So, the game plan was to have all of us (about six) line up behind the two bruiser “breakers (literally). They would elbow and push their way through the throng until, at last, the biggest and strongest found the bar (zygote!!). He would plant himself there and the second team member would be right behind him fending off all other drinkers to maintain a strong line. We would string out behind the first two, foot to foot, with the money man at the end. This was our fire line- like a bucket brigade with volunteer firefighters (except these guys were medics/ambulance drivers). Money man passes money forward through the line to get to the main bar position holder, who secures the pints and passes them back down the line until we are all properly lubed. This pattern is repeated, to insure an uninterrupted and even flow of suds until a. the money runs out or b. the pub closes ( or in my case, after b. comes c. – the acquisition to your “line” of a tourist with a pass to the after-hours bar in an upscale hotel- good for a couple more hours of drinking).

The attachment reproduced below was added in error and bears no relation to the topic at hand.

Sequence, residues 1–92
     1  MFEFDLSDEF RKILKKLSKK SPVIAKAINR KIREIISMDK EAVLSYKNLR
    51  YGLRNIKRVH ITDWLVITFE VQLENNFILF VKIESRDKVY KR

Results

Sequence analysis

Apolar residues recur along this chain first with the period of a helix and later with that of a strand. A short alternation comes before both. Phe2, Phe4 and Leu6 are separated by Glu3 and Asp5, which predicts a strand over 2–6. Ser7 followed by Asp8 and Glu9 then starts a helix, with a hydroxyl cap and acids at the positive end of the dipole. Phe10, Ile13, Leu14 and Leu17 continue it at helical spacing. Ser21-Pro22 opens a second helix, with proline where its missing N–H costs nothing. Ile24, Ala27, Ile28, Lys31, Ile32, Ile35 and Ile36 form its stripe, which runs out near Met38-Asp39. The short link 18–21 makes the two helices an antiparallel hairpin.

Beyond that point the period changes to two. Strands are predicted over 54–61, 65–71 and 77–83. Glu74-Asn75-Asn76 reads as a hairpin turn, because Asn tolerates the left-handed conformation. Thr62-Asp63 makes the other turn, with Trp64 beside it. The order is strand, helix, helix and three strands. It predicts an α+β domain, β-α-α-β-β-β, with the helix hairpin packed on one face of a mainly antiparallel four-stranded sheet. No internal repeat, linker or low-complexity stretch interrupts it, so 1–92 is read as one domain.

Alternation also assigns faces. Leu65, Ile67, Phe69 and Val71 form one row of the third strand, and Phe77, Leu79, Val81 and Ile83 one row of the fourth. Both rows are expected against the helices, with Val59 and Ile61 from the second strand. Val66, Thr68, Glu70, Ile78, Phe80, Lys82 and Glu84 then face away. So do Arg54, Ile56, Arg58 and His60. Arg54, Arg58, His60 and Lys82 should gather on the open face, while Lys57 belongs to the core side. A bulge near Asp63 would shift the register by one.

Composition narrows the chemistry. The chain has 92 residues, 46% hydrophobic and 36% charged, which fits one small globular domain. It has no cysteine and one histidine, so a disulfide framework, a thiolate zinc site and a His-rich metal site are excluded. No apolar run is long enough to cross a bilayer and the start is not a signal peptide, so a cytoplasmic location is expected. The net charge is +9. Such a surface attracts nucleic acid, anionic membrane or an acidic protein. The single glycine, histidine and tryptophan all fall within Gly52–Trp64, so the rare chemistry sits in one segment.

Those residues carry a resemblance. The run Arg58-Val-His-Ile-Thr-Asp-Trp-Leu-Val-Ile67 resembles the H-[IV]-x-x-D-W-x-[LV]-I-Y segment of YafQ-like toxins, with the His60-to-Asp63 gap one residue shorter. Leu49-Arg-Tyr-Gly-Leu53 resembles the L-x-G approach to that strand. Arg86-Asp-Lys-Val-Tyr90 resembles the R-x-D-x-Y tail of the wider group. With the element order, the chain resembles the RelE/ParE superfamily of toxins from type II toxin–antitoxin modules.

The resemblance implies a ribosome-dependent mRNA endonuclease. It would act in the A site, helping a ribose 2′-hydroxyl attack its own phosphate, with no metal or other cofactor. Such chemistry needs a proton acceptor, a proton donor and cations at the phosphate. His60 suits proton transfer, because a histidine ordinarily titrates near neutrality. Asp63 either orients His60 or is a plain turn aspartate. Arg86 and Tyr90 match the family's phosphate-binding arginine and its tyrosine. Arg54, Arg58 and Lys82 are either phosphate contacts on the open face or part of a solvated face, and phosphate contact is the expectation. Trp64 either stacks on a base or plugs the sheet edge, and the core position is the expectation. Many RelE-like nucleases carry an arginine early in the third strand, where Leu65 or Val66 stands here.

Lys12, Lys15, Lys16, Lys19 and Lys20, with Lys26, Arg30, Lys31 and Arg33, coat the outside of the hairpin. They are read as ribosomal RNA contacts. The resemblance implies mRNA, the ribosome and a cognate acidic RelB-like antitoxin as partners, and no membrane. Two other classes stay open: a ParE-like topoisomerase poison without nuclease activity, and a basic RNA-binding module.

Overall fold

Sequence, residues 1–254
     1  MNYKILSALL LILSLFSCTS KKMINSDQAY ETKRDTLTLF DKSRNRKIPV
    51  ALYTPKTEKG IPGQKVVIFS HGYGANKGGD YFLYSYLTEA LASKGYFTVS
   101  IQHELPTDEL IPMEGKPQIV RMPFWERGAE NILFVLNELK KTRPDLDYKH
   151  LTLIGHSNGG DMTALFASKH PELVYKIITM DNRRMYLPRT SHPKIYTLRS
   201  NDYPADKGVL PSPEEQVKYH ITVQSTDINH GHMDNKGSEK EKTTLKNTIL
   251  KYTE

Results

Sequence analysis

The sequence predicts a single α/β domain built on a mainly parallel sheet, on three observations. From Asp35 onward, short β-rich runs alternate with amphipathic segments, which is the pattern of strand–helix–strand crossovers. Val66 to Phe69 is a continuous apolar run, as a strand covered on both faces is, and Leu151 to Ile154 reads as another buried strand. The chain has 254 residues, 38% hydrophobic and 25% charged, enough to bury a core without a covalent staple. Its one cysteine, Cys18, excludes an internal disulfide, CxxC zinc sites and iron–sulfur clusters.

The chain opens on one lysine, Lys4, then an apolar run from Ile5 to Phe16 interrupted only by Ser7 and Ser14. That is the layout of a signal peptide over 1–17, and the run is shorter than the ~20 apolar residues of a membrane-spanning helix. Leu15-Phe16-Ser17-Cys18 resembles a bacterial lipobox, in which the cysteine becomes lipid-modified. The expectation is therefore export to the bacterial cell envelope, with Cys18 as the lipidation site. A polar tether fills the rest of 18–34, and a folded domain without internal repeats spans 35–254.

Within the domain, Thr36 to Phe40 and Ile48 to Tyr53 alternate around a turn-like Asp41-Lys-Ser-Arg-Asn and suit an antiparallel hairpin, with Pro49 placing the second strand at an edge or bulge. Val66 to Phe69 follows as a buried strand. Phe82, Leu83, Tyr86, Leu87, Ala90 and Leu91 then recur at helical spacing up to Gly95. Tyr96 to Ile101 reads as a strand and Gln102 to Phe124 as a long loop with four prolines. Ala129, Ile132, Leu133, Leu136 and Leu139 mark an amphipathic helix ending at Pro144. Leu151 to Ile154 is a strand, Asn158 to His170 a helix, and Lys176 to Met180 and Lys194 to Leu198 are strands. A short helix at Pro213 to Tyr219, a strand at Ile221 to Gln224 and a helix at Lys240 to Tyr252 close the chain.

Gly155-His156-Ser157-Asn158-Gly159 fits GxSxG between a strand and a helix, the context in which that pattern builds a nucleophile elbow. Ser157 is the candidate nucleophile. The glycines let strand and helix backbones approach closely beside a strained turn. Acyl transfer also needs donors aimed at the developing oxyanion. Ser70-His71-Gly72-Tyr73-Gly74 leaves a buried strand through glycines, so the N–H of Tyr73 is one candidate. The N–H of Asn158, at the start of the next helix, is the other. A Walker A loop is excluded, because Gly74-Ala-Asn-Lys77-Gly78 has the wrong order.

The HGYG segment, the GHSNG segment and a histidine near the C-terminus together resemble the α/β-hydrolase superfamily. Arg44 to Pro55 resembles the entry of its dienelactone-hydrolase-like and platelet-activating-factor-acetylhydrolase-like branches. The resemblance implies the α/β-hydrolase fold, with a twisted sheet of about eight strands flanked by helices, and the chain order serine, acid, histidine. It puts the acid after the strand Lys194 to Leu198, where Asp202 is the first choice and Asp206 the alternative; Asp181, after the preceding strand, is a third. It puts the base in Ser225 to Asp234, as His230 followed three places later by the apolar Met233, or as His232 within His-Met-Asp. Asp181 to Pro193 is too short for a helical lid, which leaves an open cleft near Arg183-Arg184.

Note: I have no idea what these guys were talking about that evening (probably beer, women, and tourists) as their brogue got thicker and my hearing got fuzzier as the evening wore on. I remember we laughed a lot, so it must have been humorous.

I pick up accents fairly quickly and when motivated by inhibition, fairly well also. My biggest compliment of the evening was being mistaken for a drunk from Scotland. Hoot, laddy, not so bloody bad, eh?

Wednesday, April 21, 2010

I motorcycle & the stuck throttle

…when the throttle stuck on my motorcycle going through a small town in Northern California in the early 70’s. It was Easy Rider time and I had this beautiful BSA 650, chopped, dark chocolate teardrop tank, with chromed extended front forks and butterfly handlebars, banana seat and it weighed about twice as I did. I loved that bike, but I recall that I loved my perception of my image on that bike more. It was somewhat patterned after the bike Peter Fonda had in the movie, Easy Rider.